In medical malpractice wrongful death cases such as this, it is the defendants who possess the indisputably relevant information about who the decedent's treating physicians were during the decedent's stay in the hospital. The only information that plaintiffs often have at the time of filing a lawsuit are medical records and charts that contain undecipherable handwriting and signatures. *fn6 It is the obligation of defendants to provide plaintiff with the identities and roles of the decedent's treating physicians so that the case can be decided on the merits. Simply put, defendants must tell a plaintiff who did what, and when, with regard to plaintiff's care and treatment. Just as important, however, is defendants' obligation to provide this information early in the action pursuant to Rule 26(a).

Rule 26(a) obligations are clear and established in this District. With respect to individuals with relevant knowledge, the rule provides as follows:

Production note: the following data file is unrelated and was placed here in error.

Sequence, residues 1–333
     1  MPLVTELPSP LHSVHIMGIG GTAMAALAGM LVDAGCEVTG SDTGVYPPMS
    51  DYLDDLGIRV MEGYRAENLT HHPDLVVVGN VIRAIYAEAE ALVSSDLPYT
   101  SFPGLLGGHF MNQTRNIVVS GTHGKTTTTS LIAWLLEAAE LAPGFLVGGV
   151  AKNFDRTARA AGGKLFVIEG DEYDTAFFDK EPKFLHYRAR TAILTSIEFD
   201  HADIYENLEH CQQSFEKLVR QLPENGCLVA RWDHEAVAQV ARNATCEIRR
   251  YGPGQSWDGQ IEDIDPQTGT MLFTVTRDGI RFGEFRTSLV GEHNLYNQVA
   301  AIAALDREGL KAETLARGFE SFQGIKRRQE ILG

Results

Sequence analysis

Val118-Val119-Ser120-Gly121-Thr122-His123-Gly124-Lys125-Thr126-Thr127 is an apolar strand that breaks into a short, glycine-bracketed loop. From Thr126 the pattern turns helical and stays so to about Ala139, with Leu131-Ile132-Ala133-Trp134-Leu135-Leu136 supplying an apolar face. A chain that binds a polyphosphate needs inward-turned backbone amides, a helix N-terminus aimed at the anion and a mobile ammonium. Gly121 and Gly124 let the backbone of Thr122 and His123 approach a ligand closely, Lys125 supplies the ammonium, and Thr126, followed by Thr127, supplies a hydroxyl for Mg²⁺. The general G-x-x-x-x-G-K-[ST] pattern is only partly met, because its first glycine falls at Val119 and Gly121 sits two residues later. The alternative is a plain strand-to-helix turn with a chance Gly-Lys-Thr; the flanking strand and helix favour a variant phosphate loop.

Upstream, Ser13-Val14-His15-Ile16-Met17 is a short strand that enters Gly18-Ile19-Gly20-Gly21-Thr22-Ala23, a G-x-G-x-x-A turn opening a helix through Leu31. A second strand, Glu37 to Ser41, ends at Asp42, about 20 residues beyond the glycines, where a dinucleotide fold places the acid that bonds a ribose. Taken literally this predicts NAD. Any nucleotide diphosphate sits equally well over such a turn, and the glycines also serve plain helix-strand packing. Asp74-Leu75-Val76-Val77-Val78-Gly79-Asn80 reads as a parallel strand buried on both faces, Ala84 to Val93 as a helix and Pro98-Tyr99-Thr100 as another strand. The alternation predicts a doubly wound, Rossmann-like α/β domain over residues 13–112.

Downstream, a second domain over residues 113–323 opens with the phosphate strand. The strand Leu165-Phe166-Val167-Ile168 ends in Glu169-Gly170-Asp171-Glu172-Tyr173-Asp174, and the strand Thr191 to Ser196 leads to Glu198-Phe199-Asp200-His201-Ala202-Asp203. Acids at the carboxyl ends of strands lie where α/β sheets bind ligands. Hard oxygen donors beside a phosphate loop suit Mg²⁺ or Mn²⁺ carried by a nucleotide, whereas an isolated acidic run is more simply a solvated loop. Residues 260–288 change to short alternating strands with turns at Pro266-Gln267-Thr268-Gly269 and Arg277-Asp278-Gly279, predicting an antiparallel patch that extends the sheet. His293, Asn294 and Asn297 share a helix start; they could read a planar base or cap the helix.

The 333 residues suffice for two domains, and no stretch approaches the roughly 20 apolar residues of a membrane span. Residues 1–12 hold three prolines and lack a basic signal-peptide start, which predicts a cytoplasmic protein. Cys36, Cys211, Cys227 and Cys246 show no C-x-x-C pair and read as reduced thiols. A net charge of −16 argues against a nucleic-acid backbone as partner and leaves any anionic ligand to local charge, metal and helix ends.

(1) Initial Disclosures. Except to the extent otherwise stipulated or directed by order or local rule, a party shall, without awaiting a discovery request, provide to other parties:

(A) the name and, if known, the address and telephone number of each individual likely to have discoverable information relevant to disputed facts alleged with particularity in the pleadings, identifying the subjects of the information; . . . Fed. R. Civ. P. 26(a) (emphasis added).

While some courts chose to opt-out of certain provisions of the 1993 amendments to Rule 26, this court adopted the new Rule 26(a) in its entirety. See Local Civil Rule 26.1(b) ("The requirements currently codified in Fed. R. Civ. P. 26(a) and (f) pertaining to required disclosures, meetings of parties, and submission of discovery plans, shall apply to all civil cases filed after December 1, 1993 . . ."). This District chose to follow Rule 26(a), rather than craft a customized local version, "because it concluded that the federal civil rules generally provided a workable balance between flexibility allowed to the bar and control centered in the Court, particularly through the United States Magistrate Judge." Id., comment.